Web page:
Skip to main content

Dogs will never speak human. Here's why.

A new study finds that dogs' brains cannot distinguish words that differ by a single speech sound, such as "sit" versus "set." For the study, the researchers attached electrodes to the dogs' heads with tape and monitored their brain waves as they listened to pre-recorded words.
A new study finds that dogs' brains cannot distinguish words that differ by a single speech sound, such as "sit" versus "set." For the study, the researchers attached electrodes to the dogs' heads with tape and monitored their brain waves as they listened to pre-recorded words. (Image credit: Vivien Reicher)

You probably think your dog is the smartest (and cutest!) when they learn to sit or give a paw. But most dogs can pick up only a limited number of words in their lives, and a new study may help explain why.

The study found that dogs' brains cannot distinguish words that differ by a single speech sound, such as "dig" versus "dog," or "sit" versus "set." This makes dogs similar to human infants, who also can't distinguish between words with similar sounds. But around age 14 to 20 months, babies typically start to learn that every sound in a word matters (i.e. that "dog" and "dig" are different words), and this allows their vocabulary to soar, the authors said.

It appears that dogs never grasp these distinctions. "Dogs might not attend to all details of speech sound when they listen to words," study senior author Attila Andics, of the Department of Ethology at Eötvös Loránd University in Hungary, said in a statement. "Further research could reveal whether this could be a reason that incapacitates dogs from acquiring a sizable vocabulary."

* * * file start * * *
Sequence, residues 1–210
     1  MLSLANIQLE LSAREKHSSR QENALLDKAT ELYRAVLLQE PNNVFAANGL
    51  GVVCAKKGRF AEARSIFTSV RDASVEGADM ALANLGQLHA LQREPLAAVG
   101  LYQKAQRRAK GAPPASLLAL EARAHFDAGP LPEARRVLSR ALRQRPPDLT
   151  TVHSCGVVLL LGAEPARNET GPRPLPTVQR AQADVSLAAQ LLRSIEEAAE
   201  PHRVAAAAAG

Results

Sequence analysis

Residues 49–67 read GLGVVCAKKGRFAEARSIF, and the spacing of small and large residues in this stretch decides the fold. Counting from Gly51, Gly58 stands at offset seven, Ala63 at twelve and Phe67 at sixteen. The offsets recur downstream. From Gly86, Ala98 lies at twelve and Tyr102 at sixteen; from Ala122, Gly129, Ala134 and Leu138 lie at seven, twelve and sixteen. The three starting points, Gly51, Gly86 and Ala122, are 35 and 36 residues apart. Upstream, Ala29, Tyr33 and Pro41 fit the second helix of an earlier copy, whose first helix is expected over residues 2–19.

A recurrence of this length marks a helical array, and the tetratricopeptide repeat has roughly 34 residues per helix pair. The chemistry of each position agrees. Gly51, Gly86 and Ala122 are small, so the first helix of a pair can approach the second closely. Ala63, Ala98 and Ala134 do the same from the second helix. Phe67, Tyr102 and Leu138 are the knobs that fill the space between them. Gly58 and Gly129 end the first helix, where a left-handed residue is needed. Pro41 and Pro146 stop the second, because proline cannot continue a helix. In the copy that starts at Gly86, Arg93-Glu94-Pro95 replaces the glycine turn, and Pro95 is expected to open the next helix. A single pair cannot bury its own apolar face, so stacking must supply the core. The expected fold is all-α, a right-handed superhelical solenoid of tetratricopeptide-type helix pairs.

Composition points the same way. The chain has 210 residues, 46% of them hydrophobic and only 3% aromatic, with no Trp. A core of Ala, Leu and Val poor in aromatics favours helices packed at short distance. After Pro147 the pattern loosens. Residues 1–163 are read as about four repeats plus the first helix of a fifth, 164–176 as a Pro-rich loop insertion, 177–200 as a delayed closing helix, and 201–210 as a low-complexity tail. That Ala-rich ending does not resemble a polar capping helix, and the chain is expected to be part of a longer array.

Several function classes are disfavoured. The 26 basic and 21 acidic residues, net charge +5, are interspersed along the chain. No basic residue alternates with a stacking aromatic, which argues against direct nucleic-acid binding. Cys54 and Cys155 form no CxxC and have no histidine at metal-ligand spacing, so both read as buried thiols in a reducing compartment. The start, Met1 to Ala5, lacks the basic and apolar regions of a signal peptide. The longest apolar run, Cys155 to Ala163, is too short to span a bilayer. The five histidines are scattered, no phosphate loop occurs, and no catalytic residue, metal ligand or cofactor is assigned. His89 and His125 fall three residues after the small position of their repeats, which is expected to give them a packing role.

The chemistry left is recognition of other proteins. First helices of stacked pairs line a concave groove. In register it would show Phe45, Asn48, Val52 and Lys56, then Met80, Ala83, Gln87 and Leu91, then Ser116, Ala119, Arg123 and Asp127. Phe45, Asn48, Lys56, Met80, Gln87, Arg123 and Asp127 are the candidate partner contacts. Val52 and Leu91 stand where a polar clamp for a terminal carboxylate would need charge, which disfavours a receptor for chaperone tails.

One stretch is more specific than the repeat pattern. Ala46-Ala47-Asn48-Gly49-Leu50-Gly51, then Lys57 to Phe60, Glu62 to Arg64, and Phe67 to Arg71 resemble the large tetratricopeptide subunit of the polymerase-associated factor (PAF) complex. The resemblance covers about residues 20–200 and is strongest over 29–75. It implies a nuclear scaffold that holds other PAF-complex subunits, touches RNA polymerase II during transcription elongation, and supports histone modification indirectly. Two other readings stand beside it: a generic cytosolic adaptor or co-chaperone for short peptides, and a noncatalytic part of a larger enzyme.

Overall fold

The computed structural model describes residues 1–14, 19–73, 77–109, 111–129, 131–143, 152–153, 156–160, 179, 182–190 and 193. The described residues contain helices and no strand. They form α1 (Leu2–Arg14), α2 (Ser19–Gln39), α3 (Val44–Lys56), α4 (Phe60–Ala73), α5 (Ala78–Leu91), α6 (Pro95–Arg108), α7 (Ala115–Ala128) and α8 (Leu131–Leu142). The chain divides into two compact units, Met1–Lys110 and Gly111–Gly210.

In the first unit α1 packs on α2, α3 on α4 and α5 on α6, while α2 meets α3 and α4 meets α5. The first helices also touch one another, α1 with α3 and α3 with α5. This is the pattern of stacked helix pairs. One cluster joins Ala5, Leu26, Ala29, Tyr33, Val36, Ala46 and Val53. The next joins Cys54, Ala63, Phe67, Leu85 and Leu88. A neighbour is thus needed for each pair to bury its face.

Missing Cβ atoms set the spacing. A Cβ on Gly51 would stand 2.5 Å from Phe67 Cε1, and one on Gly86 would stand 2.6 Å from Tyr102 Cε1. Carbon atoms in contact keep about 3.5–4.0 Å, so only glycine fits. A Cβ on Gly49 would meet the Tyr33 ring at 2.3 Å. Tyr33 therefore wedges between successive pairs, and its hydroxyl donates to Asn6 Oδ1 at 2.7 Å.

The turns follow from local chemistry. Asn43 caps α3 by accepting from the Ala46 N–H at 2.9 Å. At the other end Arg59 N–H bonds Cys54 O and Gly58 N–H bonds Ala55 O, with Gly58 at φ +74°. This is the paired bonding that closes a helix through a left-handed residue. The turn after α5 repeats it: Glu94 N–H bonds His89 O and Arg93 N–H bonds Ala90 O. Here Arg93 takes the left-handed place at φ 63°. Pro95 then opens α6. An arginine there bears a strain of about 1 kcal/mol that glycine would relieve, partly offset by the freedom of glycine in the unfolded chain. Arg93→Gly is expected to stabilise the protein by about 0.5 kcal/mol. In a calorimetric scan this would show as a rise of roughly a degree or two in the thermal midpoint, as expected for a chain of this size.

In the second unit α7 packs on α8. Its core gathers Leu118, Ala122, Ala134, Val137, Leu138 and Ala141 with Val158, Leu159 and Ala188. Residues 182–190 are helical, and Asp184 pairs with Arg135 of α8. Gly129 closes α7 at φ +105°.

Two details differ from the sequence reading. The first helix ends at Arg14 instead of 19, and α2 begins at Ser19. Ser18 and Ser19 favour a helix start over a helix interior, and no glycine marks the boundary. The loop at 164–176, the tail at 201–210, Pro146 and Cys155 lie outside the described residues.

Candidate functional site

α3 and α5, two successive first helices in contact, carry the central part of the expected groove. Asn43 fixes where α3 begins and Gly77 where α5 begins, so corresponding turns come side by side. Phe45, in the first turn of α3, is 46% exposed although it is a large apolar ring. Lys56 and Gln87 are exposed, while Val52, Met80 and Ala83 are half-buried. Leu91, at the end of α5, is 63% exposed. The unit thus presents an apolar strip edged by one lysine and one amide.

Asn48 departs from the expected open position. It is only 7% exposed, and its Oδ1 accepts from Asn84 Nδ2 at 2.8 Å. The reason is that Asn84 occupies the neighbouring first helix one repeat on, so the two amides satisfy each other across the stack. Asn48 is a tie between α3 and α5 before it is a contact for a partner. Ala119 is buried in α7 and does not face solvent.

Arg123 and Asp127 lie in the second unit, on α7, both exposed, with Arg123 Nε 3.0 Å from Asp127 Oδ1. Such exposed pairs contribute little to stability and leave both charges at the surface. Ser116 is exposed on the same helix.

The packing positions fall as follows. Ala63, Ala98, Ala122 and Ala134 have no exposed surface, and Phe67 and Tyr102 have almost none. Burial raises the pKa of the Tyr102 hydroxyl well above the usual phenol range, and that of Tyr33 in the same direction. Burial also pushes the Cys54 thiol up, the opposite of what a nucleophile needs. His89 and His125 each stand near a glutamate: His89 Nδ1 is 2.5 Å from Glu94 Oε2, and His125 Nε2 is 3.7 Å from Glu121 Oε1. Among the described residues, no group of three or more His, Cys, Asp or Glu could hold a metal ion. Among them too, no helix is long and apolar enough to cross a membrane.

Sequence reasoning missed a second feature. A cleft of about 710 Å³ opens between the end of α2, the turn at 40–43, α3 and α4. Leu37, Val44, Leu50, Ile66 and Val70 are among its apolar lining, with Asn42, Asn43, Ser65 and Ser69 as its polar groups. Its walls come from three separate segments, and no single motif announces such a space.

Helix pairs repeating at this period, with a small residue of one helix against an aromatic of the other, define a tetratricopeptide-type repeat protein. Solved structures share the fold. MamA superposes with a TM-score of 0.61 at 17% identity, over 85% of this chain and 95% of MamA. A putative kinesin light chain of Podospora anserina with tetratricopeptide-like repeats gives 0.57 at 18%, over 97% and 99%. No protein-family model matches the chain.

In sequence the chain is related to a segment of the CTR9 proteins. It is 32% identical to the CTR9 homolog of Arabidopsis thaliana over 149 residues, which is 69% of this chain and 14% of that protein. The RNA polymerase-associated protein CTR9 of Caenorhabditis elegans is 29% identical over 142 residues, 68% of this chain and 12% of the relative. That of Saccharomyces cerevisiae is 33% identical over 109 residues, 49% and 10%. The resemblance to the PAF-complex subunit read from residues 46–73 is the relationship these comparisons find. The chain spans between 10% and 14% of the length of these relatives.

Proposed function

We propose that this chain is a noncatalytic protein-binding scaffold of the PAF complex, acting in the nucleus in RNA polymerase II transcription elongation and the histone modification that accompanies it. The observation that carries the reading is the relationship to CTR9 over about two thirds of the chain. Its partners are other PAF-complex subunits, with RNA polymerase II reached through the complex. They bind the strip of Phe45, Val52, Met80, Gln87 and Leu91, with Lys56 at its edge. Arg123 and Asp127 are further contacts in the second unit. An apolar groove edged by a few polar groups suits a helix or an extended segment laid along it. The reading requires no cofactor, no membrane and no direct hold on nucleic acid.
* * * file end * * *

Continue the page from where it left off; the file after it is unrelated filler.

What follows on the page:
Related: 7 surprising health benefits of dog ownership

For the study, published Tuesday (Dec. 8) in the journal Royal Society Open Science, the researchers monitored the brain waves of 17 very good dogs using a technique called electroencephalography (EEG). The study is one of the first to use EEG on awake dogs that didn't have any specific training. The dogs visited the lab with their owners, and once the dogs got used to the new environment, they sat down on a mattress with their owners, and the researchers attached electrodes to the dogs' heads with tape.

Then, the dogs listened to pre-recorded words that they knew (e.g. "sit"), as well as nonsense words that sounded similar (e.g. "sut") and nonsense words that sounded very different (e.g. "bep").

The dogs' brains could quickly discriminate the words that they knew from the nonsense words that sounded very different ("sit" vs. "bep"). But their brains seemed to make no distinction between the words they knew and the nonsense words that differed by only a single speech sound ("sit" vs. "sut"). Researchers have seen a similar pattern in infants younger than 14 months.

It's not that the dogs can't hear the different sounds — studies have found that dogs can distinguish individual speech sounds (such as "d," "o" and "g"). But they may have "attentional and processing biases" that prevent them from attending to all the sounds in a word, they said. 

Future studies with a large number of participants and more trials of words are needed to confirm the findings, they said.

Originally published on Live Science.